Saving Time: Day 1 Part 2

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Saving Time: Day 1, Part 2


“Oh, no,” said Blue Tie with mock sympathy, standing uncomfortably close, peering over my shoulder.

I had drifted into a trance sometime during the monotonous work, but his gut-wrenching comment woke me. We were nearly done sorting the junk parts, but now stood frozen. I was the only one to speak, “What’s wrong,” do not call him Blue Tie, “sir?”

“You’re supposed to sort them by color, not by design!” His frustration came across rather whiney for a grown man in a semi-suit. “Seriously, it isn’t that hard,” he groaned as he rolled his eyes with his entire upper body, his arms flailing wildly in frustration.

The older woman pointed in my direction, “It was her idea,” with unmistakable accusation and said nothing more.

I fought the urge to throat punch the woman I had only known for 3 hours, while Blue Tie refocused on me, clearly distraught and demanding a response. “But would it not be easier to find what you’re looking for this way?” I asked.

“That’s not the point, “Blue Tie responded sharply. “We have always sorted them by color. Boss is not going to like this. Wasn’t there four of you?”

I realized for the first time that one of the young men was missing. The rest of us shrugged, unknowing of the man’s whereabouts.

“Let’s just say he’s in the restroom,” Blue Tie glanced over his shoulder, then turned back attempting to whisper, “Boss doesn’t like quitters. Be right back!” then turned to run off once again.

“What do we do with the rest of this?” I yelled after him, gesturing to the remaining cogs and gears left unsorted.

“Keep going!” he yelled back, jutting up his thumbs before returning to his jog in the opposite direction.

I turned back to the barrels, debating on “going to the restroom” as well, when I heard a faint psst coming from behind the rusty bins. I leaned forward, peering over the far rim when a young woman popped her head up. I jumped backwards, grabbing hold of the barrel to keep my balance.

The girl silently slid her hand over the rim, a crumpled business card held between her fingers. Her wildly frazzled hair complimented her shifty eyes. “Don’t trust HR,” she hissed nearly inaudible amidst the metallic swishing of the group sifting through the barrels’ contents.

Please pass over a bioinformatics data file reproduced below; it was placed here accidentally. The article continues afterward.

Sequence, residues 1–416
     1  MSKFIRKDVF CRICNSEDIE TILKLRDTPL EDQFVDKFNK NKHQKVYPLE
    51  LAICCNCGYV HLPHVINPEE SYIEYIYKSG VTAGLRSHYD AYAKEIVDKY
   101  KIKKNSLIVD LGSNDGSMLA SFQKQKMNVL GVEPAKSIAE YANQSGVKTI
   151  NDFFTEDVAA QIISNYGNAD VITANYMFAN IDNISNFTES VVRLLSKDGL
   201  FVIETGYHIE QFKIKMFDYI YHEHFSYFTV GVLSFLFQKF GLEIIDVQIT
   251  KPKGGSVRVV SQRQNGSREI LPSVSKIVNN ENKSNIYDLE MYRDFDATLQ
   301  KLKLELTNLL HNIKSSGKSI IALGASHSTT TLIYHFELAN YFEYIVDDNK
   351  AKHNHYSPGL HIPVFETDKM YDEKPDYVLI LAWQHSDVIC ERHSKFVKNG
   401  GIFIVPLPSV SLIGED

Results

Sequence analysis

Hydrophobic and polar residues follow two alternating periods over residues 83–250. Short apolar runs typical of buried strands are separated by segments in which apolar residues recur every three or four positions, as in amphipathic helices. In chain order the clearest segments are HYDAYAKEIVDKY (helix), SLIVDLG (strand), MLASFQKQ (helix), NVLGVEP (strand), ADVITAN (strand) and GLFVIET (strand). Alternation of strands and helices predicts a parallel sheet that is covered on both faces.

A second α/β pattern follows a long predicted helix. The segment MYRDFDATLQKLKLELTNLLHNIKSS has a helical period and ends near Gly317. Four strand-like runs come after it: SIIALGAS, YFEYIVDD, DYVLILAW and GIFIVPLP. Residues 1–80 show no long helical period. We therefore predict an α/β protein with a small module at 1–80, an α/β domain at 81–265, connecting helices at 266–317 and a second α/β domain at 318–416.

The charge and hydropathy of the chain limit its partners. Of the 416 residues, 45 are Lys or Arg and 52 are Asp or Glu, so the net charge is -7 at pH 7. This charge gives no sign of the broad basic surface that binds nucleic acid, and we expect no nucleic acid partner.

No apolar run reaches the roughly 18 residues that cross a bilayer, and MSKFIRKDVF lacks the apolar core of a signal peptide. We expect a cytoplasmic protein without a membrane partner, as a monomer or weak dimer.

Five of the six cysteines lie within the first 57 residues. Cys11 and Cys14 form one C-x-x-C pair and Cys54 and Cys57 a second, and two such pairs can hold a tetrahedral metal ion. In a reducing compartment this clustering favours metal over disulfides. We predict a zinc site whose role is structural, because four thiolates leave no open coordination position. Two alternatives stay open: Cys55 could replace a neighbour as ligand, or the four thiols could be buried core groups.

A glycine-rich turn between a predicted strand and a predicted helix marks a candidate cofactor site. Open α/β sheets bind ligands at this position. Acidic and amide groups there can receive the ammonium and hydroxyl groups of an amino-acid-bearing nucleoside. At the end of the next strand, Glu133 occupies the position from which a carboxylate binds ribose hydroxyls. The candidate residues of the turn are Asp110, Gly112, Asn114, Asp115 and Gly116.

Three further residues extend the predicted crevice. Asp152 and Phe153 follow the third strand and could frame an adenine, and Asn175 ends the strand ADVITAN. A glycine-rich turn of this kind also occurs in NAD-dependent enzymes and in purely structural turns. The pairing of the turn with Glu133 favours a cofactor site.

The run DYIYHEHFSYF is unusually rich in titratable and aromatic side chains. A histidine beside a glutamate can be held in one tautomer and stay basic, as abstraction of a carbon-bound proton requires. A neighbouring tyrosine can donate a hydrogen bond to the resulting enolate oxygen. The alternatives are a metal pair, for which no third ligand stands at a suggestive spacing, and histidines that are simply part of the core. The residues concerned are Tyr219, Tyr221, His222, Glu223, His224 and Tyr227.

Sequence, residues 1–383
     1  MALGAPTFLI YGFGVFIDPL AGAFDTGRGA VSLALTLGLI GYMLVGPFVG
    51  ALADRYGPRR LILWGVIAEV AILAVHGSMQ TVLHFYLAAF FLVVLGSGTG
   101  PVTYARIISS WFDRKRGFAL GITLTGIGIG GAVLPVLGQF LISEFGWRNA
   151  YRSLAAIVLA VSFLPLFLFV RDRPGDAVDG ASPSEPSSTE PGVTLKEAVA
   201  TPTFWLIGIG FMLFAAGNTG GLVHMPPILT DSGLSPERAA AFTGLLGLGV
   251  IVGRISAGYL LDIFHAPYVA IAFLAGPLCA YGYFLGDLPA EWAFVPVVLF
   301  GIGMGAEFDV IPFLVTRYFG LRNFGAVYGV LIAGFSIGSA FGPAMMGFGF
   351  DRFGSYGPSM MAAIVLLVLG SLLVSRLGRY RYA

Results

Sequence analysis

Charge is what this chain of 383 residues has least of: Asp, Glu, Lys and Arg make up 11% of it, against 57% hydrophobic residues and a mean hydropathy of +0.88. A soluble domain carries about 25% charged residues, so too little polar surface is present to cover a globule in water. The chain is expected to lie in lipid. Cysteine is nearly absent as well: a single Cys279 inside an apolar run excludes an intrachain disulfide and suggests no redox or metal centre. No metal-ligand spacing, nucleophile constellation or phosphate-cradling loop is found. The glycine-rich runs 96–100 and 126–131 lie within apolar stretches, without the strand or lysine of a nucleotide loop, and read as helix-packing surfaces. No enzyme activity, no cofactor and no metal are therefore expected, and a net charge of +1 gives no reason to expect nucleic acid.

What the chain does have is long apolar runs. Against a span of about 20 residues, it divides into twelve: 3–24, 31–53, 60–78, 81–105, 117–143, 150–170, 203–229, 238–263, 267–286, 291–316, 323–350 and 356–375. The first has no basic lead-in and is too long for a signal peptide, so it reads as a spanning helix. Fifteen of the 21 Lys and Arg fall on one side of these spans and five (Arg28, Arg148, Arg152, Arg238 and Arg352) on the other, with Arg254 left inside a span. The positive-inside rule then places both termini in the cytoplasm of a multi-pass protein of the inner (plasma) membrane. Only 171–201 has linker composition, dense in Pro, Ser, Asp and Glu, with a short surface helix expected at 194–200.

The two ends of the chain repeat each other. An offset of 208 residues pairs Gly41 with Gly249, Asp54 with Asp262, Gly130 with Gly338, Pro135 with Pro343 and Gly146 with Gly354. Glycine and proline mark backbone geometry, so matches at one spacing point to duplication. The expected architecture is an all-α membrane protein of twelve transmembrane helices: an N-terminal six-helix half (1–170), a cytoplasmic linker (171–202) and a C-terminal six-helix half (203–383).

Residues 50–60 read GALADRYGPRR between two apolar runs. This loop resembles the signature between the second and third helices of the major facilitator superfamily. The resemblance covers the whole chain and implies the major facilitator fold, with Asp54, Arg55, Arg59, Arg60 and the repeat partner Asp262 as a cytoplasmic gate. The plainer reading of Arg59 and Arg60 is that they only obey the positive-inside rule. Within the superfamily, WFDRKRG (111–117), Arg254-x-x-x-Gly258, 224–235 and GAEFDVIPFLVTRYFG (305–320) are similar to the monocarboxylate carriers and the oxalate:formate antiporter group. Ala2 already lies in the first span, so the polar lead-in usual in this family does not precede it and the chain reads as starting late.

I took the card with a questioning glance, but remained silent, unsure what to say. Thanks?

Human Resources, ha!” She threw her head back with the single laugh. “That,” she pointed a grimy finger at the card, “is who you call if you need a real person to help you.”

I looked down at the card and saw a hand written number, ink running from what looked like a grease stain.

I heard the jogging return of Blue Tie, and when I looked up, the woman was gone. He used his animated arms to separate me from the rest of the group, “Boss said she wants a word with you later,” he said as he ushered me back to the front of the building. “But now they need your help on the bank side. You are coming back tomorrow?”

My first thought was to ask why I wouldn’t, but after what happened with the other young man this morning, I decided to keep my answer simple, “Yes.”

“Great! Come with me.” He led me through the shattered wall and into the bank building. Behind the counter, at the far left, sat a rotund woman miraculously perched atop her shockingly small office chair. Her eyes were locked on her computer screen while her right finger constantly rotated the mouse’s scroll wheel, keeping the screen in constant motion. Leaning towers of paperwork surrounded her work station, accompanied by several white Styrofoam take-out containers and soft drink bottles.

“This is Darlene,” said Blue Tie, and cleared his throat to draw her attention away from the glowing screen. “You’ll be helping her for the rest of the day,” and he turned on a heel to begin jogging to his next destination.

Darlene swiveled in her chair, the chair protested loudly, and she gave me a once over. She smelled like an ashtray cheeseburger. In fact, she had two lit cigarettes dangling from her mouth and at least 4 unlit cigarettes peaking out from under several of her many rolls.

What else is tucked in there? I immediately decided to never ponder that question again.

Darlene returned her face four inches away from her computer screen and wiggled her porky fingers towards the teetering paper stacks. “Sort this crap out.”

As I stepped closer to take one of the parchment skyscrapers, I glanced at her screen and saw several separate windows open, all of which with the Facebook logo at the top.

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